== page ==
How Does an IUD Work?
A doctor or other healthcare professional must place the IUD in your uterus. This can be done in a doctor’s office or clinic on an outpatient basis.
Before it’s inserted, the IUD is flat. It also has strings hanging from the end. The following steps occur during an IUD insertion:
Once it’s in place, you won’t feel the IUD. The procedure takes only a few minutes. You may have some spotting and minor discomfort for a few weeks after insertion. Your doctor will let you know how and when to check your IUD between visits.
The IUD works by thickening cervical mucus to make it harder for sperm to get through. It also affects the lining of the uterus. This change in the lining makes it harder for a fertilized egg to implant. Some brands of IUD contain hormones to help prevent ovulation.
Symptoms of Infection
The symptoms of an infection may include:
See your doctor right away if you’re experiencing any of these symptoms.
How Can an IUD Cause an Infection?
IUDs don’t directly cause infections. If you have an existing infection, inserting the IUD may spread it. Two common sexually transmitted diseases (STDs) are chlamydia and gonorrhea. That’s why some doctors may want to test for STDs before inserting an IUD.
According to the Office on Women’s Health, you’re at slightly higher risk of pelvic inflammatory disease (PID) for a few weeks after your IUD is inserted. PID is an infection of your reproductive organs.
The vagina normally contains some bacteria. If bacteria are pushed up into the reproductive organs during IUD insertion, it may result in PID.
Are IUDs Safe?
The IUD seems a bit mysterious. One reason some women are wary has to do with the Dalkon Shield IUD. This IUD was first marketed in the United States in the 1970s. Women using them experienced a high rate of pelvic infections and perforations. Deaths were reported and more than 200,000 lawsuits were filed. The Dalkon Shield was eventually pulled from the market.
Today’s IUDs are considered much safer. Side effects may include spotting between periods or mild cramping in the first few months.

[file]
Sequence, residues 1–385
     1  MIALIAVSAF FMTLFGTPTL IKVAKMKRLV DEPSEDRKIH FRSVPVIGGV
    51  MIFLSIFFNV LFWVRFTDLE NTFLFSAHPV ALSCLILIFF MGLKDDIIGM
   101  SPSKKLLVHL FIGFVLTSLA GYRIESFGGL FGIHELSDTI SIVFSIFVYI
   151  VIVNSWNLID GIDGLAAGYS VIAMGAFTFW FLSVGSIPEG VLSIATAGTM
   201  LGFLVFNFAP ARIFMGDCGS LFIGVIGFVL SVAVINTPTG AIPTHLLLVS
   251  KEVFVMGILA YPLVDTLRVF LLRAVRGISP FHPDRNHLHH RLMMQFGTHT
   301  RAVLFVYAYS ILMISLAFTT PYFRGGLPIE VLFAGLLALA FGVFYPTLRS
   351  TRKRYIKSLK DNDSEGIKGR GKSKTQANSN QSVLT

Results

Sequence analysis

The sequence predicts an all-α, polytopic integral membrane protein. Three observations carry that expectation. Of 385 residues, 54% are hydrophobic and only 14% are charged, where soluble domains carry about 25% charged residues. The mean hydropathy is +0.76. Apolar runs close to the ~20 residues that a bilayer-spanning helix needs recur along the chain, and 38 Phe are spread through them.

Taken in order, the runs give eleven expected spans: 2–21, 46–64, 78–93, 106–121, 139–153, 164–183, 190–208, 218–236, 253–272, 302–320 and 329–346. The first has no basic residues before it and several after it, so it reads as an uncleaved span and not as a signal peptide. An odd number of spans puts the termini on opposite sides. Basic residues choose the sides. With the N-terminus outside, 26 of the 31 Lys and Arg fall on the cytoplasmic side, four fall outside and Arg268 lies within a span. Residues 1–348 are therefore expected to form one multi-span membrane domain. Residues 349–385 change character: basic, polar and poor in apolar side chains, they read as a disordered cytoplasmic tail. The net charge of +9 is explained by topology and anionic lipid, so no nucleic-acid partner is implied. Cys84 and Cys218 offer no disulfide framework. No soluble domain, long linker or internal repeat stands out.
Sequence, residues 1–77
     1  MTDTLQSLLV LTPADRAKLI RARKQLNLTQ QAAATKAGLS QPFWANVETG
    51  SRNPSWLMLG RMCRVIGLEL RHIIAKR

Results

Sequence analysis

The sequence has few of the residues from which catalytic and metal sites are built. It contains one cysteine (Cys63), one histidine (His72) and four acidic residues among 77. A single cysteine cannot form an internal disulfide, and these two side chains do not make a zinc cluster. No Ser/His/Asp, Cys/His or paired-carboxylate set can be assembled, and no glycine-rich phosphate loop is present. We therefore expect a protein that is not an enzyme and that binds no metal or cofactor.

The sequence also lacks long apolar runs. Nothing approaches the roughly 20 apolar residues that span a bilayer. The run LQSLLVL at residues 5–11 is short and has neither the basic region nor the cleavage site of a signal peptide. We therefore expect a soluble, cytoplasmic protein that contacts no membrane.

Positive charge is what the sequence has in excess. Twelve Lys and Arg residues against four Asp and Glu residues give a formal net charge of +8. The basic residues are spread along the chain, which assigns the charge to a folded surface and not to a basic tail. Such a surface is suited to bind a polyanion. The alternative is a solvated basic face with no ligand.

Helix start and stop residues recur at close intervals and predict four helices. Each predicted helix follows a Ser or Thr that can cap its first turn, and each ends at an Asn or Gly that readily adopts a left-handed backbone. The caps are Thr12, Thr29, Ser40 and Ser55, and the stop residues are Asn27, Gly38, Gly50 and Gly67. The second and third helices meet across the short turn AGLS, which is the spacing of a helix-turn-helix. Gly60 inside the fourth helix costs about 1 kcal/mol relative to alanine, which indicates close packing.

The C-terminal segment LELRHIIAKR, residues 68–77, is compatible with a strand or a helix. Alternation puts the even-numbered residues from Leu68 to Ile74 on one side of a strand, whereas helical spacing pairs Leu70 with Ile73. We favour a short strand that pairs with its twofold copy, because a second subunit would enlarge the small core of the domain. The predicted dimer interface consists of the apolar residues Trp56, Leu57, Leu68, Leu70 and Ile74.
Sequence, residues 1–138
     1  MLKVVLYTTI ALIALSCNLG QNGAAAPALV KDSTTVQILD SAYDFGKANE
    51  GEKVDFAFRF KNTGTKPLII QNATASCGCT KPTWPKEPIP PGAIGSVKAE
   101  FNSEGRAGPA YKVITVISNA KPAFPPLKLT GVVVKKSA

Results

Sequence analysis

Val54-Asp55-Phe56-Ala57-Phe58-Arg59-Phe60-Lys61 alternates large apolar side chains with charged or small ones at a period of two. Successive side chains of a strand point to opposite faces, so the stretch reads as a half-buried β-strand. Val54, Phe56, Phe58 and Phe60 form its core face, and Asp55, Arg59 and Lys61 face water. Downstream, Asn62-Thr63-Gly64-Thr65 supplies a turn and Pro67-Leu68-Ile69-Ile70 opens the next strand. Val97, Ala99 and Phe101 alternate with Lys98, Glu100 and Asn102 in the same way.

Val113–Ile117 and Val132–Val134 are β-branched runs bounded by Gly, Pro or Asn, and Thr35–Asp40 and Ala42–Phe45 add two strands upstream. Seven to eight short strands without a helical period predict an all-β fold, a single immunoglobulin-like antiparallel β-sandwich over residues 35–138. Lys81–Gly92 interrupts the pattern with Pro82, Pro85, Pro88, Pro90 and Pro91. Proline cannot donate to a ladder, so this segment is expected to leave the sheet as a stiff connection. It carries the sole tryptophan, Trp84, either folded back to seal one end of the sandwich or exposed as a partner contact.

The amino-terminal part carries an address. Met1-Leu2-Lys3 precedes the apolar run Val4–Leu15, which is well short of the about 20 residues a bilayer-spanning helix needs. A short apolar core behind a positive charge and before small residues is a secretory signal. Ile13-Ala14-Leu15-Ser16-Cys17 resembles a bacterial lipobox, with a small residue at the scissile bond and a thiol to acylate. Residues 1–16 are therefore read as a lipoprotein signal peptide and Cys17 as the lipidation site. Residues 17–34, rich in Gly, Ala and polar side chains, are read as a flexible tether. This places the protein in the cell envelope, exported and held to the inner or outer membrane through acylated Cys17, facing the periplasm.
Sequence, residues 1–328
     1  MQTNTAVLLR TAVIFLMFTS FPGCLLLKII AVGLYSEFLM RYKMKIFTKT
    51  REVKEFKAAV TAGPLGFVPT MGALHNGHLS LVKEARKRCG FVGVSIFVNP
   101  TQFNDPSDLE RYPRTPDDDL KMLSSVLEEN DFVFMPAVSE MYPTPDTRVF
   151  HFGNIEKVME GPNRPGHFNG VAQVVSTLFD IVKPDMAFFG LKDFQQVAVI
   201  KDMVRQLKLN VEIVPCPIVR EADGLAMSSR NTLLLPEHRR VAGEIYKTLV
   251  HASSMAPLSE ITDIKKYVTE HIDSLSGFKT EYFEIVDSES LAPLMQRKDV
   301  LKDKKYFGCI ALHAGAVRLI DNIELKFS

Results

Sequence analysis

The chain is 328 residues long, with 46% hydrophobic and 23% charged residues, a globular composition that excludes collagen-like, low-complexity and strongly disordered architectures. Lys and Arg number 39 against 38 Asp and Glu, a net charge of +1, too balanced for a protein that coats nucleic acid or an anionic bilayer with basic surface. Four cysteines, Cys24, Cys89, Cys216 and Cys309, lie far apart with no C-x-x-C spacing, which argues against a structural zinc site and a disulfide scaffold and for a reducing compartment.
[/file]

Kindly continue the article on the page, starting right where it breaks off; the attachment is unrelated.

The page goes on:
It doesn’t happen often, but your IUD can slip out of place, especially if you’ve never had a baby. If that happens, you’re more likely to get pregnant. In very rare instances, the IUD can perforate the uterus. An IUD that’s out of place requires immediate medical attention.
An IUD isn’t a good choice for everyone. You may not be able to use one if you:
Your doctor will be able to tell you about the different types of IUDs and whether or not an IUD is a good choice for you.
How Is an Infection Diagnosed?
The first step in diagnosis will likely be a physical exam. Your doctor may also want to perform blood and urine tests. If necessary, an ultrasound or other imaging tests may be required.
How Is an Infection Treated?
Untreated PID can permanently damage your organs. Pelvic infection can lead to infertility or chronic pain.
The sooner you start treatment, the better. That usually involves taking antibiotics. Other treatments will depend on what type of infection you have.
You don’t necessarily need to have your IUD removed. That said, this may be advisable if the infection doesn’t show signs of improvement within a few days.
Studies show that treatment outcomes for women who keep the IUD versus women who have it removed are about the same, according to the Centers for Disease Control and Prevention (CDC). Those studies involved only IUDs that don’t contain hormones.
Follow your doctor’s recommendations and continue with your follow-up care.
Is There a Way to Prevent an Infection?
IUDs raise the risk of infection for only a few weeks. On the other hand, they don’t offer any protection against infection, sexually transmitted or otherwise. One way to lower your risk of STDs is to use a condom.
You can also prevent infection by not douching. Your vagina has naturally occurring bacteria. Douching increases the risk of spreading bacteria up into your reproductive organs.
See your doctor right away if you have signs of infection. Early treatment can prevent it from spreading.
Kobby Blay is the chief health editor at Ghanahealthnest.com. A professional practicing nurse with specialty in mental health and focus for health communications, public health, medical/documentary photography, ICT and systems perspective for health improvement.